Tullahoma residents now have a chance to explore historical figures for Black History Month at the art center.

To start off the month, the Tullahoma Art Center (TAC) held its grand opening of its exhibits Feb. 2 and one of the exhibits focuses on Black History Month.

According to the President of TAC Beth Thames, the Black History Month exhibit covers a broad scope of influential and history making African American individuals, both male and female.


The main gallery of photos of influential people from the Civil Rights movement, like to Martin Luther King, Jr., to modern day, like former President Barack Obama.

“We have carefully chosen some of the most inspirational and significant but we found ourselves running out of space. There are so many that there was a lot of information to pull from for this exhibit. It is paramount in the fact that to my knowledge, we are the only exhibition featuring Black History in the area,” said Thames.   

Black History Month became a month-long celebration in 1976 by President Gerald Ford.  During the United States Bicentennial, Ford urged Americans to "seize the opportunity to honor the too-often neglected accomplishments of Black Americans in every area of endeavor throughout our history." February was picked as the month due to Frederick Douglass and Abraham Lincoln’s birthdays being in the month.


A close up shot of Martin Luther King, Jr. and Rosa Parks, two prominent figures in the Civil Rights Movement.

In Exhibit Hall A, the exhibit has a collaboration of photographs and video to provide a unique perspective of the history of African Americans and their struggles and accomplishments in US history. Guests have the chance to go around the room to take in the portraits of prominent figures like Harriet Tubman, Rosa Parks and Martin Luther King, Jr. with descriptions explaining their significance to history and their accomplishments. Other works included article cutouts of Claudette Colvin’s arrest, Barack Obama’s “Hope” campaign poster and artwork depicting life on a plantation for slaves.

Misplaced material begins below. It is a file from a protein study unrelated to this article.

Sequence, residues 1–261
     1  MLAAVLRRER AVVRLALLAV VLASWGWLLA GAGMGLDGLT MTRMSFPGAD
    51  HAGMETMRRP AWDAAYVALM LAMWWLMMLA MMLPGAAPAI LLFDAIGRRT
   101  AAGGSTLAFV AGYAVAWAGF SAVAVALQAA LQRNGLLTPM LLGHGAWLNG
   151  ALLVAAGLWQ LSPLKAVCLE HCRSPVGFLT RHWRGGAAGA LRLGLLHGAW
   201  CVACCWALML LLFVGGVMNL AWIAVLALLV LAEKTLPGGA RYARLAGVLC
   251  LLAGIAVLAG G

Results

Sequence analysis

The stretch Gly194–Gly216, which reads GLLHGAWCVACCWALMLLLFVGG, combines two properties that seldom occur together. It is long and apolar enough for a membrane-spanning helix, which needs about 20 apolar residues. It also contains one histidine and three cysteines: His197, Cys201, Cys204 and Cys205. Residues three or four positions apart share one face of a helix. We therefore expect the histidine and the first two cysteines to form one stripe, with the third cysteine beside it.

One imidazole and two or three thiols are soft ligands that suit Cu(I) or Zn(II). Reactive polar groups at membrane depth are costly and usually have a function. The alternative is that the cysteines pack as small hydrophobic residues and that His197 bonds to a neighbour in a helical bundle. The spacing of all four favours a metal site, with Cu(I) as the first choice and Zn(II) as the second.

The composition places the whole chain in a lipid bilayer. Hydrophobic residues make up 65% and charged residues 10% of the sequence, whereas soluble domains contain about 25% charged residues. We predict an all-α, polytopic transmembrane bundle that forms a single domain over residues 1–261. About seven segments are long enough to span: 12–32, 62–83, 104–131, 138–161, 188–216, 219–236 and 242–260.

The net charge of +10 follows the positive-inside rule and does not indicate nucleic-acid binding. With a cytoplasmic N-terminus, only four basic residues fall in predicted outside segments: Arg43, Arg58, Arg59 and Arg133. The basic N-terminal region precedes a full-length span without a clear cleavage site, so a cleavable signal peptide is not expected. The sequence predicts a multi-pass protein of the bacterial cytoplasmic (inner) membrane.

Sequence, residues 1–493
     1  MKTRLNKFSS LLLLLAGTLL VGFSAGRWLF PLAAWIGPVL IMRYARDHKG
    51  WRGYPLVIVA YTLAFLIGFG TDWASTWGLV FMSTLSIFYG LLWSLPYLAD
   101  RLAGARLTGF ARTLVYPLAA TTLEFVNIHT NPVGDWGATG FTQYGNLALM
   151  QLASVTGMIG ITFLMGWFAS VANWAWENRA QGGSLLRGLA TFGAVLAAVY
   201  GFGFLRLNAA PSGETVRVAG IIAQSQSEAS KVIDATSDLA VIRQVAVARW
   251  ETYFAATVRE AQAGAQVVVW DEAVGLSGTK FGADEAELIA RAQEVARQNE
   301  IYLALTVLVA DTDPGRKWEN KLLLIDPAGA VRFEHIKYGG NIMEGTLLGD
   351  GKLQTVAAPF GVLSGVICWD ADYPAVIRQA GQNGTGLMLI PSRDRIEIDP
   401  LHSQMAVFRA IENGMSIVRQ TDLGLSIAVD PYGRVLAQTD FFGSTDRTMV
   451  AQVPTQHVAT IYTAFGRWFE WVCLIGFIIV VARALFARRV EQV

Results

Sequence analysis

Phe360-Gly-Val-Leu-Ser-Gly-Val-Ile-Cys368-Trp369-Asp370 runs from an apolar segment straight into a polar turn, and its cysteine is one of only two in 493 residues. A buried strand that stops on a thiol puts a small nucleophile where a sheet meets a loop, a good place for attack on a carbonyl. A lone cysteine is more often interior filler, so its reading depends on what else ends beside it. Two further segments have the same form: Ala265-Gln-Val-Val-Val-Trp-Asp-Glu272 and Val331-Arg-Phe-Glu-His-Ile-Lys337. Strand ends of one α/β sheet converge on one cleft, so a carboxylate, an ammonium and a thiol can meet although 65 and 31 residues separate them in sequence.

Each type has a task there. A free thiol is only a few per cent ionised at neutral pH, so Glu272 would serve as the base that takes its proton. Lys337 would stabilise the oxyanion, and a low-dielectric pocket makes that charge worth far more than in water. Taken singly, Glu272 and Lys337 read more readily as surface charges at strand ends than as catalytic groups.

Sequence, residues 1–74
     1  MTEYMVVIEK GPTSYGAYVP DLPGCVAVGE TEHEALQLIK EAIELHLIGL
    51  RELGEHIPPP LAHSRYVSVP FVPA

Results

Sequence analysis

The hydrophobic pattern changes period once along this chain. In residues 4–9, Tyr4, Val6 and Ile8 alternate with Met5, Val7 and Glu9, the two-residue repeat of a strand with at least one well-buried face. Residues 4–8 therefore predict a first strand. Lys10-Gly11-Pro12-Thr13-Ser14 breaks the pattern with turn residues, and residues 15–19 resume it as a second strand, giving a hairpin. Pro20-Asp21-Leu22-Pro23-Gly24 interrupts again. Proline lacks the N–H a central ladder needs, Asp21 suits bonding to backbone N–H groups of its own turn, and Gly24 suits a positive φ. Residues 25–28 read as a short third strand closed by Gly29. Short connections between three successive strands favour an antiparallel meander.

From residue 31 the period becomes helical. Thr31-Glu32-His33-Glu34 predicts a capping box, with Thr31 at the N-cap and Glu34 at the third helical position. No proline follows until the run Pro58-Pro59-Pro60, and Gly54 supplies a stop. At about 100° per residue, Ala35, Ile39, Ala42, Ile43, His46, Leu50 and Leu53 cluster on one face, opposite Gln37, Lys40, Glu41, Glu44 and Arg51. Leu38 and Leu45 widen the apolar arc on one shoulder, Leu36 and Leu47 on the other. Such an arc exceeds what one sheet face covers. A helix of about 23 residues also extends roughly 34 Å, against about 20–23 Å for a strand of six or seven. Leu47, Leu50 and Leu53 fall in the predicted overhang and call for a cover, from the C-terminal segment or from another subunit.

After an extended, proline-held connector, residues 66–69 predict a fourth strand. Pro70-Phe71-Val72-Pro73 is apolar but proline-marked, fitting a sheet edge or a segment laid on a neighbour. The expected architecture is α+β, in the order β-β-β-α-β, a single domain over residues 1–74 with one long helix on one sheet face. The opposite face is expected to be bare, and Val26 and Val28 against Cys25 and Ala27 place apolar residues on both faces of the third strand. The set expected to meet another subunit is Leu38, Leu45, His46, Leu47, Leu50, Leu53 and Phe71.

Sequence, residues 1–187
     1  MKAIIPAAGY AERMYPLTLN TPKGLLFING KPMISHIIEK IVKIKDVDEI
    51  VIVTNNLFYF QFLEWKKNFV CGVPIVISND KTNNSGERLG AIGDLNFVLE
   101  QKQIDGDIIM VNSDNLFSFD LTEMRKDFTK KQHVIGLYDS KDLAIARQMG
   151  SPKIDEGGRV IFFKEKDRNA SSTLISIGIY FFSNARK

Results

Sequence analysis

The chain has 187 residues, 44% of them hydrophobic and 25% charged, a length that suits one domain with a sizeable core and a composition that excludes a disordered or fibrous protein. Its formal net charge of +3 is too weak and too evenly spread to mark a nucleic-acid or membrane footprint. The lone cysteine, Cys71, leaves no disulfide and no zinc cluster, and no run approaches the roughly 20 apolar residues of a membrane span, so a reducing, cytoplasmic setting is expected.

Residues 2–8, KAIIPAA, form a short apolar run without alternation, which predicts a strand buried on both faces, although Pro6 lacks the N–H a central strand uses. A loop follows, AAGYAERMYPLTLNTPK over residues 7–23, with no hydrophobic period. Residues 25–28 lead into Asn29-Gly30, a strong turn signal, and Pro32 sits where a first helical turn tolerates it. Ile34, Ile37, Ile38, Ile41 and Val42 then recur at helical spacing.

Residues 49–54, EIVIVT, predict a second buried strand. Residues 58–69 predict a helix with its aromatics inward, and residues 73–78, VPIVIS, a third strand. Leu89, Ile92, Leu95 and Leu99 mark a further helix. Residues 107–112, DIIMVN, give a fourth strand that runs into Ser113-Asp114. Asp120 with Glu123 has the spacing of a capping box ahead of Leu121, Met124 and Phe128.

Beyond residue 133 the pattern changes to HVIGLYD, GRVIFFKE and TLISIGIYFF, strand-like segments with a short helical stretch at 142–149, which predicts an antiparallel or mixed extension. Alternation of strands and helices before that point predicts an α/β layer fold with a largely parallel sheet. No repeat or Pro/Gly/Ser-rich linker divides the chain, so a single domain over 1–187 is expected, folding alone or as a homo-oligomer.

A newspaper cutout of Claudette Colvin, who refused to give up her seat on a bus nine months before Rosa Parks refused her seat.

The gallery is the first of many educational galleries Thames hopes to have at TAC. Thames said the goal is to have rotating exhibits every month downstairs as while that focus on different ethnicities, cultures and educational standpoints that not only benefit the community but also be part of those different cultures and communities. 

“Educational exhibitions are great for the community. It helps people to connect and to take something home. When you provide information alongside an exhibit, there is a lot to process and think on and possibly even come back for more and to follow up on,” said Thames.

Thames said education is high on the priority list and TAC is excited to put more focus on it in.


Attendees look at the portraits on display for the Black History Month exhibit in Exhibit A at the Tullahoma Art Center.

“History is also big, both for our own significance but also because we believe that knowing the past opens doors for the future. We hope to continue to build on this and are planning to incorporate more technology into our exhibits,” said Thames.

Thames said opening the exhibit was a learning curve but they had a good feeling about everything and the response from attendees confirmed their feelings.

“[There was] lots of excitement expressed over the changes and the new offerings,” said Thames.


A photo of the first meeting of the National Association for the Advancement of Colored People (NAACP) in 1909.

Thames said EC Design and Print was responsible for helping with prints for the exhibit.  EC Design and Print are one of local businesses to partner with TAC and provide members 10% off.

The Black History Month gallery will be opened for the rest of February.  Tickets for non-members are $5 and members get in free.  Anyone interested in membership can find out more at tullahomaart.org or can reach TAC at art@tullahomaart.org or 931-455-1234.

Kyle Murphy may be reached at kmurphy@tullahomanews.com.

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